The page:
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Reducing Health Disparities in Africa

Global Telehealth Network, IEEE Smart Village and Rotarians are collaborating to improve access to healthcare in medically underserved areas and to improve education and economic development in rural communities.

Our initial efforts are focused on pilot programs in East Africa designed to improve maternal and child health services and control communicable diseases such as HIV and malaria. We will also assist in diagnosis, treatment and prevention of non-communicable diseases and other acute and chronic conditions.

Our long-term objectives are to reduce health disparities and advance progress toward most of the United Nations Sustainable Development Goals (SDG) to end poverty in the world through collaboration with other organizations.


Most countries in Africa have inadequate numbers of health workers to meet the needs of their populations. This is especially true in rural areas, where nearly all available care is provided by nurses who have minimal or no support from physicians. Outside of major cities, most physicians in hospitals are in primary care, with little access to consultations by medical or surgical specialists.

Shortages are especially severe in maternal and child health, non-communicable diseases and mental health services. Many rural areas also lack reliable electricity and Internet access.

Meanwhile, 40% of people in Sub-Saharan Africa live in extreme poverty, but their conditions can be greatly improved with access to quality healthcare services and resources for education and economic development.


The Global Telehealth Network (GTN) is a nonprofit organization of volunteer physicians and psychologists who can provide free, real time, online video consultations for health workers in medically underserved areas when they encounter patients who are impacted by complex medical, surgical or mental health problems.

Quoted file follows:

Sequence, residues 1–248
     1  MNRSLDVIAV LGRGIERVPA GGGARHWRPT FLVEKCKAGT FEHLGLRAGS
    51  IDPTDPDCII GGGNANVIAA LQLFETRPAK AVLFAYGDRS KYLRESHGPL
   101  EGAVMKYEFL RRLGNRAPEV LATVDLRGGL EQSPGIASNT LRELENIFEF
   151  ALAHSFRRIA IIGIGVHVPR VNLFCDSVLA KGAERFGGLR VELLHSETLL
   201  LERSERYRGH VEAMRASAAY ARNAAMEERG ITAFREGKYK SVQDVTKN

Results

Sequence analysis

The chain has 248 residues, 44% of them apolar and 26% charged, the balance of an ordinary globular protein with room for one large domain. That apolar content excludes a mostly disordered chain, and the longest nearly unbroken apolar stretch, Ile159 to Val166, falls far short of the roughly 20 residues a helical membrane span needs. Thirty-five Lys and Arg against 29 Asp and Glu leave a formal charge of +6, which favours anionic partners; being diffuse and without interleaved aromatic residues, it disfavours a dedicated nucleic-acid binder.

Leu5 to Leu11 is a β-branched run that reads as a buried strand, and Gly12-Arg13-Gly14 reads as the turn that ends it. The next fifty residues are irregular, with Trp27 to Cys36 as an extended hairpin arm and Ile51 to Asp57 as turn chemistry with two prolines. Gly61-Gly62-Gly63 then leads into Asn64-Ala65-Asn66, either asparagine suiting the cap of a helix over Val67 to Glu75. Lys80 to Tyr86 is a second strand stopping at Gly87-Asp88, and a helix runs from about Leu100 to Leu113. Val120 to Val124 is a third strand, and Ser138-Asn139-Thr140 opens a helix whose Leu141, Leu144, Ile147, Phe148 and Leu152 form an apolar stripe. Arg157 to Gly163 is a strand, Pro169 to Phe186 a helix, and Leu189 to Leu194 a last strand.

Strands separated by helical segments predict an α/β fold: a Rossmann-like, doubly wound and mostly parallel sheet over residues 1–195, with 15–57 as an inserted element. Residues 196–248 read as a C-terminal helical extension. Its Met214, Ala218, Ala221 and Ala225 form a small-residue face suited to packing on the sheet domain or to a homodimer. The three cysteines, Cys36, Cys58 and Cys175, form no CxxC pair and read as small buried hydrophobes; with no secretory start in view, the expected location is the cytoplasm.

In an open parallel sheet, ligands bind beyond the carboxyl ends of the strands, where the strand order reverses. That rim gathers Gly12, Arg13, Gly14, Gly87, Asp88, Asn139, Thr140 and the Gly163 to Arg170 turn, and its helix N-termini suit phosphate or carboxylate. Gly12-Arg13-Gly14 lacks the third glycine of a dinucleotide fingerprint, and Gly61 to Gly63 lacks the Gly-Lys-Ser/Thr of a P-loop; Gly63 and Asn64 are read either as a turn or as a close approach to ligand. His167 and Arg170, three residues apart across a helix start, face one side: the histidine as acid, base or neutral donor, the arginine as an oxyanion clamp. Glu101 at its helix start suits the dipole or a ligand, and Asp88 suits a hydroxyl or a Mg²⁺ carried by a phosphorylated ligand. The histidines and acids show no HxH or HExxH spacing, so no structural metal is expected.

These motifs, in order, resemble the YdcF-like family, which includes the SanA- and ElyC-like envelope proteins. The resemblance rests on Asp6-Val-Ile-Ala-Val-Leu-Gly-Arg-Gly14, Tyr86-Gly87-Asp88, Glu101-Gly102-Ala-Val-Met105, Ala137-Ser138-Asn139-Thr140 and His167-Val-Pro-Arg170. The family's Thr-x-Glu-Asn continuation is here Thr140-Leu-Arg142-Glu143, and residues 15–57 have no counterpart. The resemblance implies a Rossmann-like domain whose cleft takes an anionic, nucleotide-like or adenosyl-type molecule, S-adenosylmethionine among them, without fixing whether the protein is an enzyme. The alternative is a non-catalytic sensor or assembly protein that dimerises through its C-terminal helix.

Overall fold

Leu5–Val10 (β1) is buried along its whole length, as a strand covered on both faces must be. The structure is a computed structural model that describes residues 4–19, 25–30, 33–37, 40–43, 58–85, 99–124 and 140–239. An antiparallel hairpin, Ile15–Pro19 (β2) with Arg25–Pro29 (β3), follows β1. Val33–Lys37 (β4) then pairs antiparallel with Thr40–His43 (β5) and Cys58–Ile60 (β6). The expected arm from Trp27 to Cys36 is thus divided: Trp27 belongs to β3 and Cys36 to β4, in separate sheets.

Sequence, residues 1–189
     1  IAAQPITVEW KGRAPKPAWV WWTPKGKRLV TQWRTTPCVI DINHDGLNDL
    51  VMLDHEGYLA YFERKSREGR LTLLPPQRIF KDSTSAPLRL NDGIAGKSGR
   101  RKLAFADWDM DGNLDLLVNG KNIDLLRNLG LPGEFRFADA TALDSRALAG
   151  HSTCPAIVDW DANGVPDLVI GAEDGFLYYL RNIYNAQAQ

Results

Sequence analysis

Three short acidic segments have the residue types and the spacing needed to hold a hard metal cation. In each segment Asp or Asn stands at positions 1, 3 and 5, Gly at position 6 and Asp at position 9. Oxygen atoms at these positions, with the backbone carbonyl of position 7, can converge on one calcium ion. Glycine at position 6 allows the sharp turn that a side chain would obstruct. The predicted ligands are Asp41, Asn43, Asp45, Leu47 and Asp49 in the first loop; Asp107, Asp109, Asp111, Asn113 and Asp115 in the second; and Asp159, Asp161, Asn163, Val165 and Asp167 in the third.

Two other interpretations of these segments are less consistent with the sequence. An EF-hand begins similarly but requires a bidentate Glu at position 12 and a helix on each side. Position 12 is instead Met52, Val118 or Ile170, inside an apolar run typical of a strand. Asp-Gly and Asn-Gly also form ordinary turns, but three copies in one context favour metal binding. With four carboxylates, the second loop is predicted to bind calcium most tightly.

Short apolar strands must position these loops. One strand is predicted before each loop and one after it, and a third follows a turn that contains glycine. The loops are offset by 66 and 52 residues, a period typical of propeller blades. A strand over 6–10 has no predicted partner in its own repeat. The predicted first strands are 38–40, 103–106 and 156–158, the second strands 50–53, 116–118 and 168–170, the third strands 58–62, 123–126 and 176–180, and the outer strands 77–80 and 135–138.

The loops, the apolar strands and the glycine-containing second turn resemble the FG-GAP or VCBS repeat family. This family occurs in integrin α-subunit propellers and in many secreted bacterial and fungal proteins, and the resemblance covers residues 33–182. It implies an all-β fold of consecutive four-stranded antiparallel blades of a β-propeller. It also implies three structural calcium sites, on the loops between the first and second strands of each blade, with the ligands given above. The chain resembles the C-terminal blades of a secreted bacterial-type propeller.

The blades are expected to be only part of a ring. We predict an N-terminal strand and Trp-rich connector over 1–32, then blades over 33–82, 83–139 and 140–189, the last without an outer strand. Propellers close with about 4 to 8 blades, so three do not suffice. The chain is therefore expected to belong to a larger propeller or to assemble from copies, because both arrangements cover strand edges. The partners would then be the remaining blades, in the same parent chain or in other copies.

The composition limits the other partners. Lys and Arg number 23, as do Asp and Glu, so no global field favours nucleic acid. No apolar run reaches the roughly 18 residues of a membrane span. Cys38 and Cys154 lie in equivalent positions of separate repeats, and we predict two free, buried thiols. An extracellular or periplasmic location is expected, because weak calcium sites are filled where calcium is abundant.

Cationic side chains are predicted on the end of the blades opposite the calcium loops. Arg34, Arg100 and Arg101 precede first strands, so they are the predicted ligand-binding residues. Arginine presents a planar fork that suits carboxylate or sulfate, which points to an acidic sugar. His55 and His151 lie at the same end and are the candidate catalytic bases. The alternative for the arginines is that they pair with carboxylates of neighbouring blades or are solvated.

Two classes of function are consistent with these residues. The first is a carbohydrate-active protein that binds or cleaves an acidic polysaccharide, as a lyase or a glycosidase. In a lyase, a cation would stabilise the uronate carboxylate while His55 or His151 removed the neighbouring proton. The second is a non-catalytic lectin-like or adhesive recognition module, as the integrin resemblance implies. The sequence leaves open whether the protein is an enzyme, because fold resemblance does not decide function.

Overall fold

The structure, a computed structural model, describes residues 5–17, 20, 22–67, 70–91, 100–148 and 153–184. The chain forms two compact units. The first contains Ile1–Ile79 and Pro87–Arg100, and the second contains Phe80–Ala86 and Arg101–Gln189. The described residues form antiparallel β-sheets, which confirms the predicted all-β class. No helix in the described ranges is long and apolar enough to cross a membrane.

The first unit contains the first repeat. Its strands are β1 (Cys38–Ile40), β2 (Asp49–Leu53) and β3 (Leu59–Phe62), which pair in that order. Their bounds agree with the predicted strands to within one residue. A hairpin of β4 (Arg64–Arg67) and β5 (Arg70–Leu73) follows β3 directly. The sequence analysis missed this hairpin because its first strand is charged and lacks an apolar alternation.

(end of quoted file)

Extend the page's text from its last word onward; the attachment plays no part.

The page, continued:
GTN also offers free use of its technology to develop regional telehealth networks that not only enable doctors to obtain in-country specialty consults, but also allow them to supervise nurses in remote areas who currently have no physician backup. Meanwhile, GTN’s international panel of professional volunteers can fill any gaps in expertise with 24/7 availability.

IEEE Smart Village (ISV) provides seed funding and training for local entrepreneurs whose for-profit social enterprises develop solar power installations to provide clean, sustainable electricity.

Now ISV will also support entrepreneurs who establish broadband Internet access for hospitals, clinics, schools and villages. Electric power and Internet connectivity will allow access not only to telehealth services, but also to valuable resources for education and economic development.

At each site, we are working with community and government leaders, entrepreneurs and non-governmental organizations (NGOs) to assess the community's needs, then customize and implement solutions to meet those needs.

Our nine pilot programs in Kenya and Uganda involve three hospitals, four rural community clinics and two school health clinics. Each site is unique, and following detailed outcomes analyses, these programs will inform development of multiple models that can be adapted to meet the needs of many additional hospitals, clinics and schools around the world.

These initial efforts will benefit several hundred thousand people, and they will address several of the United Nations SDGs. As the program scales across Sub-Saharan Africa and other continents in collaboration with other organizations, it will impact the lives of tens of millions and advance 13 of the 17 SDGs.

Reliable electric power will also improve safety at hospitals and clinics where power failures sometimes require use of flashlights to complete surgeries and deliveries.

Installations at schools will provide access to telehealth and to a vast array of online educational resources that eliminate dependence on outdated textbooks. Schools can also utilize Internet resources for adult education and vocational training.

The Global Telehealth Network and IEEE Smart Village are collaborating with Child Health & AIDS Prevention (CHAP), the Rotary Club of Los Altos, California, the Rotary eClub of Silicon Valley Smart Village, eight other Rotary Clubs and several other organizations to implement these pilot programs.

We’re also developing the funding required to scale these efforts through our next round of programs in Kenya and Uganda, as well as in Tanzania, Liberia, Nigeria, the Philippines, the Galápagos Islands and the U.S. (beginning with urban free clinics and rural Tribal Lands), as well as in refugee settlements, disaster areas and conflict zones, including Ukraine and Syria.


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